13. Keyboard Keys… • Cursor control keys – arrow keys that allow users to move the insertion point • Toggle and other keys – the Insert, Num Lock, Caps Lock and other keys used for various purposes like navigation and editing • Multimedia and Internet control keys – available on most modern keyboards for functions such as muting or volume control, opening a Web browser, sending an email, etc Introduction to Computers

    14. Keyboard Keys Introduction to Computers

    15. System Unit • Holds the processing hardware, electrical power supply, disk drives, circuit cards, ports for connecting other hardware and the motherboard (system board) • Motherboard – ties everything in the system unit together • The motherboard holds two very important parts of the computer: • Processor (central processing unit (CPU) or microprocessor) • Memory (RAM) Introduction to Computers

    16. Motherboard Introduction to Computers

    17. The Processor • The brain of the computer that controls all the commands and tasks of the computer • Has three basic main parts: • Control Unit – obtains instructions from the computer’s memory and interprets these instructions and executes them • Arithmetic-Logic Unit (ALU) – performs all the arithmetic (math operations) and logical (comparisons) operations for the computer • Registers – a small set of temporary storage cells used to store data and instructions needed frequently • Measured by the speed at which they are capable of processing data – also known as clock speed • Processing speed is measured in megahertz (MHz) – in millions – and gigahertz (GHz) – in billions • Examples include: • Pentium, Celeron, Centrino (by Intel Corporation) • Athlon, Sempron, Turion (by Advanced Micro Devices) Introduction to Computers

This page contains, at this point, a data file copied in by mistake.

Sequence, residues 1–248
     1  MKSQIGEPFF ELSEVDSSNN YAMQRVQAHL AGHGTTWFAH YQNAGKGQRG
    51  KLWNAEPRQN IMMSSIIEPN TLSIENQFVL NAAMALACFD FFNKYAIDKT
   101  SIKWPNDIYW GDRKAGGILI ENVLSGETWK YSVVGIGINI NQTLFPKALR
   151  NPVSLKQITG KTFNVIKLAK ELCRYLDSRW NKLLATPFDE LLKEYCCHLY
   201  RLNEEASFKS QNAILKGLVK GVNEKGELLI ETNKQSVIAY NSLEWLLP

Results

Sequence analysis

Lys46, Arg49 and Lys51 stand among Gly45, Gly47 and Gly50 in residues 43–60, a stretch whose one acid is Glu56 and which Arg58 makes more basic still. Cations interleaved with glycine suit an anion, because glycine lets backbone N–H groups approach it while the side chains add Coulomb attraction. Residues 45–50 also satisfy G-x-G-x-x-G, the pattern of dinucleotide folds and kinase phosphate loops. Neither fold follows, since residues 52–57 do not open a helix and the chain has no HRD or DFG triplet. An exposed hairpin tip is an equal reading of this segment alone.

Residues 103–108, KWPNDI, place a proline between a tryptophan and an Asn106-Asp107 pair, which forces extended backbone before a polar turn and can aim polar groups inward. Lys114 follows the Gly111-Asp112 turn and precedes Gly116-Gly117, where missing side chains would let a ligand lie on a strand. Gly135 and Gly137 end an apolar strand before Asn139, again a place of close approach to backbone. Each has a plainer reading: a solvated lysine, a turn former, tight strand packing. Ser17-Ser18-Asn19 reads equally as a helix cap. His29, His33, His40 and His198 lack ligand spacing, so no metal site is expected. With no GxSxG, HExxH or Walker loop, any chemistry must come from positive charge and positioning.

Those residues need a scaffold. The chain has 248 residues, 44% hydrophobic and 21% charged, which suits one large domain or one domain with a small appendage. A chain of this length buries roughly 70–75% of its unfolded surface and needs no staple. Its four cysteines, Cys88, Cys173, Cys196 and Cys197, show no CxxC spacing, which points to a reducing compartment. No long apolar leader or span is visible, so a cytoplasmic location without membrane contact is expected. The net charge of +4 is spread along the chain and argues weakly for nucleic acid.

18. Memory • Holds: • Data – raw facts for processing • Instructions – rules for processing data • Information – processed data • Two basic types of memory include: • Random Access Memory (RAM) – the volatile part of memory that stores information temporarily • Read-Only Memory (ROM) – the nonvolatile part of memory on which instructions have been prerecorded to help start the computer and perform other tasks • Memory is measured by its size in bytes, kilobytes (thousands), megabytes (millions), and gigabytes (billions) • Bit (Binary Digit) – the smallest unit of information in computers that is made up of 0s and 1s • Byte – represents a single character and consists of 8 bits • ASCII (American Standard Code for Information Interchange) – one of the coding schemes used to represent characters in 8-bit bytes • Can represent a maximum of 256 characters (incl. uppercase and lowercase letters, numbers, punctuation marks, and special symbols) • Word – a group of bytes • System-dependent • Vary from 16 bits (2 bytes), 32 bits ( 4 bytes) or even 64 bits (8 bytes) Introduction to Computers

    19. Storage Devices • Used to store data and information permanently • Data is generally stored using one of the following forms: • Magnetic storage – uses sectors that divide tracks to store data • E.g. hard disks, tapes, floppy disks, zip disks • Optical storage – also uses tracks and sectors but data is saved using a laser beam • E.g. Compact discs (CDs), digital video discs (DVDs) • Flash memory – uses solid-state technology which is completely electronic and has no moving mechanical parts • E.g. Flash drives (memory sticks), cards used in digital cameras, MP3 players, etc • Storage devices are measured in bytes, kilobytes, megabytes, gigabytes Introduction to Computers